Drug Recovery Stories: From Trauma to Triumphant

Drug Recovery StoriesFrom my experience in treatment with Arapahoe House, I’ve noticed that many stories of drug addictions start with a broken home. I’m lucky, my story is different. 

 

I come from a great family.  My parents were married for 25 years.  They loved each other very much and made sure we had everything we needed growing up in Pueblo.  My three older brothers and I had a great childhood.

 

Everything changed when my mom was diagnosed with uterine cancer. I was 13 years old. Mom was the backbone of our family and when she got sick, we all shut down. What was even more harmful is that we didn’t talk about her sickness and how scared we were.  No one gave me a hug and told me it was going to be ok. This is where my addiction story starts.   

 

My mom was always in so much pain, and I couldn’t handle it.  I started hanging out with an older crowd at school and was introduced to meth. My parents got wind of what was going on and sent me to New York to live with my dad’s side of the family.  My cousins told me what the drug meth was made of and that actually affected me so much that I quit.  I cleaned up and was sent back to my family in Pueblo.

 

When I was 15, my mom died of cancer.  My two bothers went to Denver to start new lives and I stayed in Pueblo to take care of my dad.  He was a Vietnam vet, and an alcoholic.  He fell apart when mom died.  Someone had to be the adult.  I had to take care of bills, make sure dad was getting his VA checks and that he didn’t drink too much.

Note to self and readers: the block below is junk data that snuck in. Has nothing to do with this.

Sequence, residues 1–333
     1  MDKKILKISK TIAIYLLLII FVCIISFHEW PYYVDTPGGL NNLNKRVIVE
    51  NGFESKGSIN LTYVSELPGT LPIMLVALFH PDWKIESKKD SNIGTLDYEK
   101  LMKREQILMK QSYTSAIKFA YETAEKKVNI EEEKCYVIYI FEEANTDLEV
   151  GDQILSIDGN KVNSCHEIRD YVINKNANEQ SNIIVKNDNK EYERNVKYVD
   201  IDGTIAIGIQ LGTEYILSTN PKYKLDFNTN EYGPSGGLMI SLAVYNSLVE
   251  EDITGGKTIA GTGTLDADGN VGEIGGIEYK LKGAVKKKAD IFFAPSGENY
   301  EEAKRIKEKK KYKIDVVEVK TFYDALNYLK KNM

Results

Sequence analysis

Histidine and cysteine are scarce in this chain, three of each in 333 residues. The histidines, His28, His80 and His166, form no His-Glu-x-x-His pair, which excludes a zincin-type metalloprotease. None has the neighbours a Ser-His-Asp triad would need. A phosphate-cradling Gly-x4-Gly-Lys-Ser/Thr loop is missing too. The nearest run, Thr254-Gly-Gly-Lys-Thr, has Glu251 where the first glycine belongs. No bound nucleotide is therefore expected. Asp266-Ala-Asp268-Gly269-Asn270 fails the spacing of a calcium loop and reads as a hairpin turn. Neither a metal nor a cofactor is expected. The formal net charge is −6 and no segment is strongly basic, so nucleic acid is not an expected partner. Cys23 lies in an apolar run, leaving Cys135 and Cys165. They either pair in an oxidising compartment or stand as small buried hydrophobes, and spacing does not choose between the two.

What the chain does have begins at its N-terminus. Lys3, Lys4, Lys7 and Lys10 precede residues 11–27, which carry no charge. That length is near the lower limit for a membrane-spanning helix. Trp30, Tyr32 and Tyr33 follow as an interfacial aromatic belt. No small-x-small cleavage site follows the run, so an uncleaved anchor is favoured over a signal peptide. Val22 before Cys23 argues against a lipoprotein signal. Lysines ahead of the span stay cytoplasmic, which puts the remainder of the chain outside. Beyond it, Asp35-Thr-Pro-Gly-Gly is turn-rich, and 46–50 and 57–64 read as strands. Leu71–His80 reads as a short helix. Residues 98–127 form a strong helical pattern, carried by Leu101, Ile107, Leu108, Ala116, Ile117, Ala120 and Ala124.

I grew up fast and was angry that I didn’t get to be young anymore.  At this point, I still couldn’t talk about my mom’s death and how much pain I felt.  I picked up drinking and starting doing cocaine to ease my suffering.  It seems like you make one bad choice and things start to get out of control.  I didn’t know that my choices would affect the rest of my life. 

 

I got pregnant when I as 16. I continued in school and worked full time.  Dad sobered up and helped me raise my daughter.  

 

At age 19, I wanted more.  I wanted to leave Pueblo and get a better life for all three of us.  I went to Denver for two weeks with my daughter to see about work and when I came home, my dad had passed away.  My grief was now immeasurable.  I turned to drugs again to deal with the pain. 

 

Fast forward through years of drug abuse and three more kids.  I hit rock bottom when I lost my children.  I remember looking around my house, it was completely empty -- no family, no furniture, nothing but a TV on the floor.  I knew this wasn’t the life my mom would want for me.   I turned to Arapahoe House for help. 

 

I called and told them I wanted full time treatment, 24 hours a day, 7 days a week.  I was also pregnant again.  They got me into Aspen Center, a program for women who are expecting.  During my time at Aspen Center, I could finally let my grief out.  I talked to counselors like I had never talked to anyone before.  I started to heal and got the support I needed; I learned how to live a life in recovery.  I realized I couldn’t let addiction destroy my life any longer.  After my time at Aspen Center, Arapahoe House got me into another program, Special Connections, where I got continuing care and case management.  

 

Arapahoe House is one of best things that has ever happened to me.  I used to feel so alone.  I still take it one day at a time, but now I have a home that is filled with furniture, my kid’s artwork on the walls and their laughter that fills each room.  I’m in community college and I’d like to be a terminal illness counselor.  I’m getting help to make sure I have employment after I have my son.  I feel strong and I know that my mother is proud of me.